I found this post especially interesting because I was born in southern India and can understand the challenges and discrepancies in record keeping in different cultures. One of the biggest, in addition to the lack of written records is the issue of date (as you've mentioned above). All Hindu families follow a completely different, lunar calendar to signify birth and death. With the advent of standardization practices, modern birth certificates/records use the Gregorian calendar to simply things. However, this practice was probably not widely spread before independence, or partition. Hence, one possible solution (in case it's not blatant disregard as in the case of the gentleman you'd mentioned)is to verify the date against both types of calendars.

    You had mentioned the keeper of communal records. Here's another cultural record keeping practice, which has existed because of a patrilineal society. The head of the household (and his wife) would always know the names and history of the previous three men in the family line, ie, his father, grandfather and great grandfather. This practice is inscribed in the funeral (and any subsequent remembrance ceremony) rites/ceremonies, so that his family history was always with him. This is signified by the placement of 3 pairs (to denote each couple) of rice and sesame seed balls during the funeral. And when the son passed away, the great-grandfather is "bumped" and the newly deceased "takes the last place", and so on. Thus family history often stayed within the family, operating on the assumption that they would always stay in touch/live in the same geographic location.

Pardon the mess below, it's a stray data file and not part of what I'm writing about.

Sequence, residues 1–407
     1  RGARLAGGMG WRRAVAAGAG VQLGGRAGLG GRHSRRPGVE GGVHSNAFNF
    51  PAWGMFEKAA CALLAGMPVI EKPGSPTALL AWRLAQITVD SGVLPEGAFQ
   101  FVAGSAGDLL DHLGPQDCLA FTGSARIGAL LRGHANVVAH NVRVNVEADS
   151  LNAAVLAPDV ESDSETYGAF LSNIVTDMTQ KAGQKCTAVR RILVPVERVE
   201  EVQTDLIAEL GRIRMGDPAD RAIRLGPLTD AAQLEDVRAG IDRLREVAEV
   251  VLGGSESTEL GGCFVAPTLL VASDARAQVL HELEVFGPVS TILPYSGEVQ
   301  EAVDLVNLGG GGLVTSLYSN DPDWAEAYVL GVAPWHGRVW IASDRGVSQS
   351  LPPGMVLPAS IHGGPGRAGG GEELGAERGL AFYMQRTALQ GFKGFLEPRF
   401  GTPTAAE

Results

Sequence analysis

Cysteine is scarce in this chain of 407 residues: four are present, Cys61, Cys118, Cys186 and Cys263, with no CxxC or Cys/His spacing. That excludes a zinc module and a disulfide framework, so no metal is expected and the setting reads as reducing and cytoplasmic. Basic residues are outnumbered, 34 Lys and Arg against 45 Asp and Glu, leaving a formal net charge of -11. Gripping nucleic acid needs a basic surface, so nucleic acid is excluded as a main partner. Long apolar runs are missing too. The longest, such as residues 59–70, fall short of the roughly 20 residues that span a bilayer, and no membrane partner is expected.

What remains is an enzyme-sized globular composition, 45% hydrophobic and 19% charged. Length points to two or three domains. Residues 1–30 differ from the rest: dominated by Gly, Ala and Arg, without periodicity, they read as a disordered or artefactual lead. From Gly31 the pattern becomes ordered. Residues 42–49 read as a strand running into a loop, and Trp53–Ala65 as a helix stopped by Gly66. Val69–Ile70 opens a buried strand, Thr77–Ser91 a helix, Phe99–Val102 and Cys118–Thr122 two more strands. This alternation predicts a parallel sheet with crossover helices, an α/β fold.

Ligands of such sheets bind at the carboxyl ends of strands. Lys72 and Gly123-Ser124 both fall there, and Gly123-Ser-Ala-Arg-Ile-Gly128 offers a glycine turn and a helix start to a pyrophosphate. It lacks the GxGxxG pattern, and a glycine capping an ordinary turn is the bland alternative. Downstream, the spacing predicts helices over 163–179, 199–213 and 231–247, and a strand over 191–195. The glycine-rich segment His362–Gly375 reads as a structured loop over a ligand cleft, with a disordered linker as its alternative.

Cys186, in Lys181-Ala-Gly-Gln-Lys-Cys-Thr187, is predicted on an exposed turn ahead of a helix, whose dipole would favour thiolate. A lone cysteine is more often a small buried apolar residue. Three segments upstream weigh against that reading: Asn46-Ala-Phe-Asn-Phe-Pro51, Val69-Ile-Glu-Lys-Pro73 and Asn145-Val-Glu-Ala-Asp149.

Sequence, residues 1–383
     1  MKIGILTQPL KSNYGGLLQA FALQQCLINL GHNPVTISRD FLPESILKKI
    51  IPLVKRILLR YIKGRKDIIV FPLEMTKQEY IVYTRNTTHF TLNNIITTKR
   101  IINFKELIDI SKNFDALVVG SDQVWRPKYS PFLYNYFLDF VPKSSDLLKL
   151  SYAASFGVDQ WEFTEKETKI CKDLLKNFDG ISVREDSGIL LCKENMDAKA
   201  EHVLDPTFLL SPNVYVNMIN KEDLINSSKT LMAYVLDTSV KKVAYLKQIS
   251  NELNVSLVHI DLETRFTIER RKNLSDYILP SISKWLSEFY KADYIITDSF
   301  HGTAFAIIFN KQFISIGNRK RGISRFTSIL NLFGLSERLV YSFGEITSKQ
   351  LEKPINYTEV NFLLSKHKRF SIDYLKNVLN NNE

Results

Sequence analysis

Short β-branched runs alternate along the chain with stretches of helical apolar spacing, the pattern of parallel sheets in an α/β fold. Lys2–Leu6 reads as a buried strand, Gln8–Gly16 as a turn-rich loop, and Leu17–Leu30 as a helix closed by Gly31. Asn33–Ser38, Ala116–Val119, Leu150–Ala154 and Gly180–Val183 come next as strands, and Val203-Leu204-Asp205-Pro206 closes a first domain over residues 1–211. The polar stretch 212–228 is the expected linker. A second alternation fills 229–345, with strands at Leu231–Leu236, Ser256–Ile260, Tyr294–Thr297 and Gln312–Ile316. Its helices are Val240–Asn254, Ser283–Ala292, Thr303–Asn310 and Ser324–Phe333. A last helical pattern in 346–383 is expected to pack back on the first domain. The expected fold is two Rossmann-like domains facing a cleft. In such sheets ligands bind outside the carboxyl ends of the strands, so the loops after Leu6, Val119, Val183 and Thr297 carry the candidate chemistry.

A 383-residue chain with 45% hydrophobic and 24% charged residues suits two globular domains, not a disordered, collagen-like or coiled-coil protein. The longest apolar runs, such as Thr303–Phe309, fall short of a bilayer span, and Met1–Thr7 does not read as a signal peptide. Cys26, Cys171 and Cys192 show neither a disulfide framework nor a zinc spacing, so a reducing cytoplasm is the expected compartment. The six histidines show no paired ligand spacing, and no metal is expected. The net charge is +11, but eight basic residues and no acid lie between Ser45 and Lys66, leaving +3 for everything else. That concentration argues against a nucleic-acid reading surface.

You have written such a touching account of your journey in tracing your family's Indian roots, that I just wanted to share some of the other zaniness one might encounter while doing that :)

  2. Thank you for the additional information about Hindu family history (and for your kind comments about my blog). I found particularly interesting the practice of remembering the names and history of the previous three generations of men, because that's exactly the case with my stepsons' father. He knew his father, grandfather, and great-grandfather's names, but not the women's names.

    I've been warned that likely the only way I will find out more about the family is if I travel personally to Khatkar Kalan, but since I don't think I'm going to be able to budget for that for a long time, I keep trying to find alternatives!

  3. I am not a certified Genealogist, nor am a writer. But when I found the history and the family tree was written in my native language, Malayalam, I really wanted to do an elaborated version of it online to keep the records up to date. I started doing the research few years back and started working on it between my day job and I am still not even half way through.

    Once I started doing my own research, I feel like I am into it. I was never a great person in the family but doing this project is making me feel proud and part of the family.

    Moonnanappallil Family

  4. It is good to hear about more written records of Indian family history, and wonderful that you took it upon yourself to keep the information up-to-date. Is your online version in Malayalam also?

  5. A week ago a story was posted about Anu Anand, a reporter for the BBC News in India, who visited Haridwar and discovered a family scroll for her family going back ten generations, to the early 1800's. Her father's family came from a village outside Rawalpindi, now in Pakistan.